Today is remembrance day. It is the day which we hope ended war forever in the main countries of Europe. It is a day for silence, contemplation, and gratitude. The thought that strikes me is that what is true of nations is also true of individuals. We war and fight with one another, and just as a small event all those years ago erupted into a major war that engulfed the globe, so in our personal relationships small disagreements can spread and sour entire families. In personal relationships, as with war, we have to know when to confront, but also when to simply let a matter lie.
I was challenged again to think—how often do I simply overlook an imagined offence committed against me, and how often do I self-righteously believe I am helping another by pointing out their weaknesses? The Scriptures seem clear that we should overlook a whole lot more of these offences than it is our natural tendency to do. Let me share a few of them with you:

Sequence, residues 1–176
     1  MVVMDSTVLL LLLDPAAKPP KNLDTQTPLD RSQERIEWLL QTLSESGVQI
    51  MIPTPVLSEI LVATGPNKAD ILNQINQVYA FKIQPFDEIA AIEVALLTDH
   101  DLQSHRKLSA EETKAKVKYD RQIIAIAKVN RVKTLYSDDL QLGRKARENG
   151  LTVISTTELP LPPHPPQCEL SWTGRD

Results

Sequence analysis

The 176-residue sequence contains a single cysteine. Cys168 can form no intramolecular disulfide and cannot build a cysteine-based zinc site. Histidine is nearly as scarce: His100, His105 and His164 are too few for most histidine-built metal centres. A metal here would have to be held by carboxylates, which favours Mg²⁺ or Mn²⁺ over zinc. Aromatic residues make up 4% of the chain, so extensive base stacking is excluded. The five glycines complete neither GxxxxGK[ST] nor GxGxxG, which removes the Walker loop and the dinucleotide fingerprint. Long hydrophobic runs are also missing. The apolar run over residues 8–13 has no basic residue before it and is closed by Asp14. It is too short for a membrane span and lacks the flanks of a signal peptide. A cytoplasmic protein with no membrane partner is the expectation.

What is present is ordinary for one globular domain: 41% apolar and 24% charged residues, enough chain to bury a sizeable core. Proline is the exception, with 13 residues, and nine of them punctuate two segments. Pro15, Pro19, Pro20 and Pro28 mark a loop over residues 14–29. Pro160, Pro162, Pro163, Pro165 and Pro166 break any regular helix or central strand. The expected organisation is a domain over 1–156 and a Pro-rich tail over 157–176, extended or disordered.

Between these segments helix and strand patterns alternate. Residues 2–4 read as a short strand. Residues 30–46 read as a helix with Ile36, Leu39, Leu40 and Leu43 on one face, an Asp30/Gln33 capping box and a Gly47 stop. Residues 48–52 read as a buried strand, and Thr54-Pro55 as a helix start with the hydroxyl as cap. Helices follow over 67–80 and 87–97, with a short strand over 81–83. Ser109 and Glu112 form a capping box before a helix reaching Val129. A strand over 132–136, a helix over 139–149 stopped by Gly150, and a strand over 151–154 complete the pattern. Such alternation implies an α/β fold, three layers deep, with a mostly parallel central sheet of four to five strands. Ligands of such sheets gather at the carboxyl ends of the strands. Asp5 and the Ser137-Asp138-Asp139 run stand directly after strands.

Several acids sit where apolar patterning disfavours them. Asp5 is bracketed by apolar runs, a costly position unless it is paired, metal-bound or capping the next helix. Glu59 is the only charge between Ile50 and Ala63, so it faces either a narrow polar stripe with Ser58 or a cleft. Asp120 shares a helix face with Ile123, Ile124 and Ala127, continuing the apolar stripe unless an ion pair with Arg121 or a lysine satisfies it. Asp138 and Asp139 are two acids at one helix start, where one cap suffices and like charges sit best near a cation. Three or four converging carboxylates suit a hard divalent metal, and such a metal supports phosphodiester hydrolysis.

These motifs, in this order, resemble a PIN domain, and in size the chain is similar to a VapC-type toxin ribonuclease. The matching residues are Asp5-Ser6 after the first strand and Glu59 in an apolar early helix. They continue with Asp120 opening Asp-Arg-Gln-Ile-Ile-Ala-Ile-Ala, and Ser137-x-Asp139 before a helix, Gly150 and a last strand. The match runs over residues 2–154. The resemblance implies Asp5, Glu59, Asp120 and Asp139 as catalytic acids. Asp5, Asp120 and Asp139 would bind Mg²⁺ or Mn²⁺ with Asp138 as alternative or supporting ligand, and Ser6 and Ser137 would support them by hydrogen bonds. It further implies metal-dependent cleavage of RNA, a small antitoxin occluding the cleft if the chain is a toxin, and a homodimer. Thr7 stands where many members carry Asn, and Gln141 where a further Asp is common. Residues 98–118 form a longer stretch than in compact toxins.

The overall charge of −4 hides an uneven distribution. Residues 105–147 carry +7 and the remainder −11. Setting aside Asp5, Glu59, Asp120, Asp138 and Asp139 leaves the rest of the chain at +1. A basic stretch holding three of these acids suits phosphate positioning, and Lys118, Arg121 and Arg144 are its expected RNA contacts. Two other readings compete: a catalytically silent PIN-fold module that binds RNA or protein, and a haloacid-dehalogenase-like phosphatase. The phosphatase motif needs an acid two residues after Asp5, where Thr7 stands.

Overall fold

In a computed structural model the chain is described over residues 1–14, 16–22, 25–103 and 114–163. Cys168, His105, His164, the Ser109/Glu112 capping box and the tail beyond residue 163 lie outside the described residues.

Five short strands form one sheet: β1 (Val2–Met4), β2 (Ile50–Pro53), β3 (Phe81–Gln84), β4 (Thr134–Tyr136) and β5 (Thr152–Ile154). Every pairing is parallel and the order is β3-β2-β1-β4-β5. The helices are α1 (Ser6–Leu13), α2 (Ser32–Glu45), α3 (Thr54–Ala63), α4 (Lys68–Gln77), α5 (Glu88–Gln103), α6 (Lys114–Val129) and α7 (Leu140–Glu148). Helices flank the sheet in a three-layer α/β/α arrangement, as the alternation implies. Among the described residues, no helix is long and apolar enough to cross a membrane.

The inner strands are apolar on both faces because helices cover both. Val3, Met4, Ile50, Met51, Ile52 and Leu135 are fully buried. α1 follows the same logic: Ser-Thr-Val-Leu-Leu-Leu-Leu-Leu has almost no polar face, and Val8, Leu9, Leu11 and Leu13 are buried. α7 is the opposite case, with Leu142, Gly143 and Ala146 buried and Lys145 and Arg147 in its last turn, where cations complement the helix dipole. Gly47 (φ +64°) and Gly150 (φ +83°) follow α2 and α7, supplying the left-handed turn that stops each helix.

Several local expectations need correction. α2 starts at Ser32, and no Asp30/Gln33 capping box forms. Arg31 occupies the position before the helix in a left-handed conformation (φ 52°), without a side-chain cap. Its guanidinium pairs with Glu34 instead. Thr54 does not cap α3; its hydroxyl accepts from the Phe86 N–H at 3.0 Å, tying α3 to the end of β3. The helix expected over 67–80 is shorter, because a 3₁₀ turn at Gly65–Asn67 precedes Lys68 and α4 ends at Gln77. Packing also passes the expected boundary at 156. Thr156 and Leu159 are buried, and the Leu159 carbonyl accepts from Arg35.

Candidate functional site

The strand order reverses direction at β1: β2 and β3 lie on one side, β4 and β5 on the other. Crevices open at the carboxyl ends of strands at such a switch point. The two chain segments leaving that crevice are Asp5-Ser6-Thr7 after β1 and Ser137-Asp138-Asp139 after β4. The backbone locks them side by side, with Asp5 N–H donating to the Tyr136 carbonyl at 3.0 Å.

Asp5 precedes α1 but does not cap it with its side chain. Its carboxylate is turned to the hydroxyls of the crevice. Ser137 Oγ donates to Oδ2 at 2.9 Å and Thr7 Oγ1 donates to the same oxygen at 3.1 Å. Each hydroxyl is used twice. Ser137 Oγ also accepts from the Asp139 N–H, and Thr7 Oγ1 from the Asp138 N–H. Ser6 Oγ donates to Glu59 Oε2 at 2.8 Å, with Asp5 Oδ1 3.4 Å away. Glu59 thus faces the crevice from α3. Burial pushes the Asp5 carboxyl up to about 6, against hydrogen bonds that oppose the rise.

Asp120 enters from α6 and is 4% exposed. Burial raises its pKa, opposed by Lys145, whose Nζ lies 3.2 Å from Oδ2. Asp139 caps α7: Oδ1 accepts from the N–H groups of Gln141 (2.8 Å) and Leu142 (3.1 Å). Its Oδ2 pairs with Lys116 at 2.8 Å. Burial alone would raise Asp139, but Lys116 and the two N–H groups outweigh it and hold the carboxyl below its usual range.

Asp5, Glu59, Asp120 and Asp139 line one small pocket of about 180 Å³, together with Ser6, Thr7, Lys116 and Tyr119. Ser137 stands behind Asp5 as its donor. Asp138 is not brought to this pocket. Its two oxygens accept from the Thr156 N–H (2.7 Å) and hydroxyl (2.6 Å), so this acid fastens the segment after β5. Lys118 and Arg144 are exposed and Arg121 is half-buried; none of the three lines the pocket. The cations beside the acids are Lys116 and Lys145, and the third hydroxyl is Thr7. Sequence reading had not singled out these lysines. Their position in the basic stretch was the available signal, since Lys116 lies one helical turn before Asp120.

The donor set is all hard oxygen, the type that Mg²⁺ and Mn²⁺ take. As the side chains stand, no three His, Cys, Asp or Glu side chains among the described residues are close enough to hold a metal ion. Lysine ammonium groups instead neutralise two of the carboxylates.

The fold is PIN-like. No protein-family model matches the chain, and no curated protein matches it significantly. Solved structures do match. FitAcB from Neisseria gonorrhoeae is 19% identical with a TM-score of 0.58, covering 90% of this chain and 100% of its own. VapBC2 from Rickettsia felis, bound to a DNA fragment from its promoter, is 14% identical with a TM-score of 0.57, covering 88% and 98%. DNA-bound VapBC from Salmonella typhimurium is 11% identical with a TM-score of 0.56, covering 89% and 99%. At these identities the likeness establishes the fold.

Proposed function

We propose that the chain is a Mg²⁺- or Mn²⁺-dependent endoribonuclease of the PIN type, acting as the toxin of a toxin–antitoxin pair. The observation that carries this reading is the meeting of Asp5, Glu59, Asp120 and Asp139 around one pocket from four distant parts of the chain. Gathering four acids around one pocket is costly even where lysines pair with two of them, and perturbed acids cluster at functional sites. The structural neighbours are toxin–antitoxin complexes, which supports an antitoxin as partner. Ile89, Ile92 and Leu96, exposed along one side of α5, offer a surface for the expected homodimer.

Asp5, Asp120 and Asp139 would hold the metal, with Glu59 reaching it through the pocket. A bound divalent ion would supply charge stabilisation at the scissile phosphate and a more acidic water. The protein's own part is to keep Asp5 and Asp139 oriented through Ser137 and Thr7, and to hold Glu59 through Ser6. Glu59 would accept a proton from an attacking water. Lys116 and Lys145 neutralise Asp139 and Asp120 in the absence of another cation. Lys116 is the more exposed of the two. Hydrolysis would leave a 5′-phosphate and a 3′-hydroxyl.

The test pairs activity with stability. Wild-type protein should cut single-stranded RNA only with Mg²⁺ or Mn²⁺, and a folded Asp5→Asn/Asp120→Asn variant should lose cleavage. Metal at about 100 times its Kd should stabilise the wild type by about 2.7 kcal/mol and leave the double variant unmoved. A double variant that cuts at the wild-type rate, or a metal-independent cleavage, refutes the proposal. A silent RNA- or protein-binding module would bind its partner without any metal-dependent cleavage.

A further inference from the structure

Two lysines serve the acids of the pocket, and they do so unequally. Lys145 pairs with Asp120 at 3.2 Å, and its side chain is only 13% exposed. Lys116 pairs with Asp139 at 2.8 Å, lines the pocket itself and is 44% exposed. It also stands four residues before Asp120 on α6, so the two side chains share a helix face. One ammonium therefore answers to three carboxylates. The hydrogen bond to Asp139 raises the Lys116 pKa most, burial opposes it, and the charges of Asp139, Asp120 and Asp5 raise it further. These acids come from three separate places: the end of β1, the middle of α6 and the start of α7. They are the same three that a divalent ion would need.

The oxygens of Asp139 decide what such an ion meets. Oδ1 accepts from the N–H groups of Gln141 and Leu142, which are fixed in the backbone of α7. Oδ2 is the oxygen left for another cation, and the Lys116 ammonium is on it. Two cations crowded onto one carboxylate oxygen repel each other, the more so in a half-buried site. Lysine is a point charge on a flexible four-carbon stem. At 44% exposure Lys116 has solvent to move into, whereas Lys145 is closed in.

- The beginning of strife is like letting out water, so quit before the quarrel breaks out. (Proverbs 17:14)
- Good sense makes one slow to anger, and it is his glory to overlook an offence (Proverbs 19:11).
- The vexation of a fool is known at once, but the prudent ignores an insult (Proverbs 12:16).
- It is an honor for a man to keep aloof from strife, but every fool will be quarreling (Proverbs 20:3).
- Above all, keep loving one another earnestly, since love covers a multitude of sins (1 Peter 4:8).